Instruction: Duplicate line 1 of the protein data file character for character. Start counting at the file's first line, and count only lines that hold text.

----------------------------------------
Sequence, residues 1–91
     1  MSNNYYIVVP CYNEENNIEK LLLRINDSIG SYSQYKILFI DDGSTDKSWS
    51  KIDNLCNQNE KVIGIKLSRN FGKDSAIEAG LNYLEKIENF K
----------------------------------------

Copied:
Sequence, residues 1–91